Inevitably there was press criticism of these events and they even prompted a Tonight with Trevor McDonald special on July 22nd 1999. Hasdell’s response in the media was a very educated and informed one.
“In Japan you are seen as an athlete but here there always seems to be a taboo. It’s always on the fringe. People talk about safety but all the fighters are properly trained and the rule book is 32 pages long”
Hasdell would carry on his campaign for years to come and he even appeared on The Big Breakfast on Channel 4 to further inform the nation of the legitimacy of the sport and its importance in the evolution of martial arts. Lee took some fighters from his shows along with him that day, one of whom was a young man by the name of Lee Murray.
Lee had fought on the Ring of Truth card promoted by Hasdell and made short work of his opponent Mike Tomlinson with a Kimura in the first round. It was clear that Murray had a lot of potential and as he continued to rack up the wins on the domestic scene. He timed his ascension through the ranks very well as the UFC was experiencing new popularity all over the world and had even recently come to our fair shores for UFC 38 Brawl at the Hall. This event would prove to the world how far MMA had evolved in the UK thanks to some stellar performances from the British fighters.
Leigh Remedios and James Zikic put on fantastic fights but were ultimately unsuccessful in their bouts but Mark Weir’s 10 second KO of Eugene Jackson ignited the fans at the Royal Albert Hall and Ian Freeman’s bulldozing of much fancied prospect, and future UFC champion, Frank Mir proved that the British fighters had arrived. Lee Murray would go on, spurred by the achievements of his compatriots, to fight for the UFC and looked phenomenal as he put away dangerous middleweight title contender Jorge Rivera in a little over 90 seconds.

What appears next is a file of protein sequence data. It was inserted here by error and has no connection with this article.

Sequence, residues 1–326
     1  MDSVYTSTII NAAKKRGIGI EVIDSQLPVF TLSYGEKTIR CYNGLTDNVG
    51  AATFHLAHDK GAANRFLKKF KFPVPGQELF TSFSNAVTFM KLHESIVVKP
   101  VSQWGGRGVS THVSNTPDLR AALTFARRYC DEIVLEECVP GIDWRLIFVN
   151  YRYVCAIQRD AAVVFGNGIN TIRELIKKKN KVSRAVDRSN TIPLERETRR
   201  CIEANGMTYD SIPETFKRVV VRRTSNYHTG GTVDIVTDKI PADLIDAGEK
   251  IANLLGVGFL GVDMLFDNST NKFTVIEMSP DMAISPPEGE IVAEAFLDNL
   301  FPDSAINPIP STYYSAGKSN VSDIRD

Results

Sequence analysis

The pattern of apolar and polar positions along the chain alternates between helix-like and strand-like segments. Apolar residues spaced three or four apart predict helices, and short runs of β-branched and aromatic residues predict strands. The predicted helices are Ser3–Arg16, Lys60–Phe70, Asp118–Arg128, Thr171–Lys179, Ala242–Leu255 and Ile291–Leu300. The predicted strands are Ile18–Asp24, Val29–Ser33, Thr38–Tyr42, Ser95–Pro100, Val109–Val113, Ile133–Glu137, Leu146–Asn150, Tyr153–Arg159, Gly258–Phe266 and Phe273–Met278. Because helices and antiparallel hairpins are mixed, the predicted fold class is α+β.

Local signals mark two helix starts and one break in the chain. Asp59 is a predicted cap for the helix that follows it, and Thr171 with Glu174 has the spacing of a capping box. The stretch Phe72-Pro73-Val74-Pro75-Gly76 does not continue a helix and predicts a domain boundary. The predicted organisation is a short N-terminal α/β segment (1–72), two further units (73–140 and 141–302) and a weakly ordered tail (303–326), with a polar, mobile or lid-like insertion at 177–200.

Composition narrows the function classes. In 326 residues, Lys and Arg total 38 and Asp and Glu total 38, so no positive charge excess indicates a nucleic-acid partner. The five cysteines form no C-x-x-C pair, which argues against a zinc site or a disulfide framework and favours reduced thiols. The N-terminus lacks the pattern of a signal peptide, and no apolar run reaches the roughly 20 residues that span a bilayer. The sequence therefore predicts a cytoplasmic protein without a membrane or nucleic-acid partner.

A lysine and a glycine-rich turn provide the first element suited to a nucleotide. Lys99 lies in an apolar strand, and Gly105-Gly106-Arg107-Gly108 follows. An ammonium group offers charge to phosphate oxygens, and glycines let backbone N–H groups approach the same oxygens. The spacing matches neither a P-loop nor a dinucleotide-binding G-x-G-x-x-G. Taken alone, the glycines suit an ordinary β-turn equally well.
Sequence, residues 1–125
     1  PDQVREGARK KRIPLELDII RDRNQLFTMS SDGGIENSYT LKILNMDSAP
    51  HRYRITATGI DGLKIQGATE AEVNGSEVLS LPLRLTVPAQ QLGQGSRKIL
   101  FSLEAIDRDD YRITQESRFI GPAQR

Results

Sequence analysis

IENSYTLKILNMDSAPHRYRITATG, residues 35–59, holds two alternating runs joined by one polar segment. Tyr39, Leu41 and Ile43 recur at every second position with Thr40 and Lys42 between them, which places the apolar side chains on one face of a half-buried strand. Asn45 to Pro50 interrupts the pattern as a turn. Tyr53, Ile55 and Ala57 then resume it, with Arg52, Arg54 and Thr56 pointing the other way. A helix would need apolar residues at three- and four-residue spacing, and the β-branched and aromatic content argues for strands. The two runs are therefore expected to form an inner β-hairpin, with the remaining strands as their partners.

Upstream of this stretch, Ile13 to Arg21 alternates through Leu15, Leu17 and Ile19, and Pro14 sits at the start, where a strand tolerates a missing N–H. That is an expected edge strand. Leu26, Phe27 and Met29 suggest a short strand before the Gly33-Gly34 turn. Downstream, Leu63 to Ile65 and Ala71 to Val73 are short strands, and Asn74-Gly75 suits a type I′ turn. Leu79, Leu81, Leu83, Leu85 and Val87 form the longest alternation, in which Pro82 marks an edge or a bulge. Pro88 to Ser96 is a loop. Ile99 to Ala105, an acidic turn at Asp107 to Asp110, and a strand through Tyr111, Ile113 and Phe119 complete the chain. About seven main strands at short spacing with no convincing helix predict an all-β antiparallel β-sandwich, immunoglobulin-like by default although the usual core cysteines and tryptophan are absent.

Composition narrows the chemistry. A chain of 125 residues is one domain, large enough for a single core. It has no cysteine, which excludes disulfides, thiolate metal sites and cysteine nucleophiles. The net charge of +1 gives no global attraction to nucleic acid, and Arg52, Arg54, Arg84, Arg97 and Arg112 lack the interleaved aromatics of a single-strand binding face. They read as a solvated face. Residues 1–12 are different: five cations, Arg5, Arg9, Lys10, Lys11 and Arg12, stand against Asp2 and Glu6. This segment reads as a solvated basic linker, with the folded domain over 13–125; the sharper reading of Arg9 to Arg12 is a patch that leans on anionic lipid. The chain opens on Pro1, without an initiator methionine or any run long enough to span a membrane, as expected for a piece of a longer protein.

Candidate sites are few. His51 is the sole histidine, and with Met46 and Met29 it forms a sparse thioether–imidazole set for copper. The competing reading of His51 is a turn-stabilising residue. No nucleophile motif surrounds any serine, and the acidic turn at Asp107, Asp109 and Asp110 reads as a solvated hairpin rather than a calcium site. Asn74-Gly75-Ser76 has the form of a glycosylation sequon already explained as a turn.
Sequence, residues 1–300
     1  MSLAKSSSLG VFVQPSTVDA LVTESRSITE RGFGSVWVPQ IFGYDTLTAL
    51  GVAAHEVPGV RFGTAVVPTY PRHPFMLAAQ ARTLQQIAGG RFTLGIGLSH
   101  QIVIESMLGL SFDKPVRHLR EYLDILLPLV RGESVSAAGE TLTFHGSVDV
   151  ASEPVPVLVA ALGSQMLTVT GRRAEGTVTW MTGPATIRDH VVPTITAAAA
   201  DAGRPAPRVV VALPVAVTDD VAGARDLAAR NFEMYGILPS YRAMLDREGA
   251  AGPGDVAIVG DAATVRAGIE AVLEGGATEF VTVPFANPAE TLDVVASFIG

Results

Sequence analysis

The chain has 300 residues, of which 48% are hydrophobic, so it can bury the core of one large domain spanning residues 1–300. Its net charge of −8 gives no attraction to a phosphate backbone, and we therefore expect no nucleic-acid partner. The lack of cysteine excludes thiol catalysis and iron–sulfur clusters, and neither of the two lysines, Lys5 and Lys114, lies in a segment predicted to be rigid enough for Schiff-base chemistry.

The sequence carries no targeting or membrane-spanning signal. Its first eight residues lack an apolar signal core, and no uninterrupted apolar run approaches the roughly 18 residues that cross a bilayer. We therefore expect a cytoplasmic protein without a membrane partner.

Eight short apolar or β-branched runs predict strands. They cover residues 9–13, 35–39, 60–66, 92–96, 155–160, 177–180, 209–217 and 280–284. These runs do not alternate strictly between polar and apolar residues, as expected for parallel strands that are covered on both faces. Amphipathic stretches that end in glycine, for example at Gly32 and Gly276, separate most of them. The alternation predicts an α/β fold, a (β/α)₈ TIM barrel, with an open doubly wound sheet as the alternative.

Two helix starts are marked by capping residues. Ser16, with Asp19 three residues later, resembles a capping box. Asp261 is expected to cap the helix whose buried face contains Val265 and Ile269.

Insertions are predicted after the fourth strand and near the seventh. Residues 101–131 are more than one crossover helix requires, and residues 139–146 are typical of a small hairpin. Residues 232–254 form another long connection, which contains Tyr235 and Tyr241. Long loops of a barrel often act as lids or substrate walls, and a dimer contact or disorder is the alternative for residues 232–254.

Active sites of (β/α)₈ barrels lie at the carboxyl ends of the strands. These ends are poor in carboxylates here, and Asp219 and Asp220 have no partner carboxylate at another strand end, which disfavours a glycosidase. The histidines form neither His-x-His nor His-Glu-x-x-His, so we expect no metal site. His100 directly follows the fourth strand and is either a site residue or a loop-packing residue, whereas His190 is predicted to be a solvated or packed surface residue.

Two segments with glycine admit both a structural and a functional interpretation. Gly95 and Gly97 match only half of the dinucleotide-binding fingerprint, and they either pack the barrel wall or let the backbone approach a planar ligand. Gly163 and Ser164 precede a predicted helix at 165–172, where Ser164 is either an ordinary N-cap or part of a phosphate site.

Murray’s next fight would be against a far more deadly competitor however, for an organization which would go on to become the largest promotion in the UK scene.
Cage Rage Championships first event was on September 7th 2002 and took place at The Fusion Leisure Centre in London. For such a small promotion it was incredible to see a 13 fight card full of fighters that would go on to become well respected stars in MMA. Matt Ewin, Paul Taylor, Robbie Olivier and Brazilian Jean Silva all fought on that inaugural show and it was clear even from those humble beginnings that the promotion had a lot of potential.
Lee Murray would fight at Cage Rage 8 against Anderson Silva and would take the Brazilian all three rounds which, even to this day, puts him in a very elite group. Cage Rage continued to expand and as the both the names and the venues got bigger, it was also very apparent that the level of British talent was also expanding. Fighters like Brad Pickett, James Thompson, Mustapha Al Turk, Gary Turner and Jason Barrett were all emerging from the various clubs and organizations in the UK to fight for Cage Rage. The UFC even took 2 Brits on its third season of The Ultimate Fighter and the American audiences were impressed by the heart shown by Ross Pointon and the skills of eventual winner Michael Bisping.
There are at present more clubs, more organizations and, most importantly, more talented fighters coming out of the UK than ever before. Gyms like London Shootfighters, Wolfslair and Rough House have shown time and time again that they can produce quality fighters. These gyms boast internationally renowned coaches and their facilities rival many of the best training camps in the world. Michael Bisping no longer has to carry the hopes and expectations of a nation entirely on his shoulders as there is an army of UK fighters looking to prove that they can compete at the highest level. Paul Daley’s explosive KO victory on Saturday sent shockwaves through the UFC welterweight division, but more importantly it proved one thing. The British are coming, and this invasion will not be easily stopped.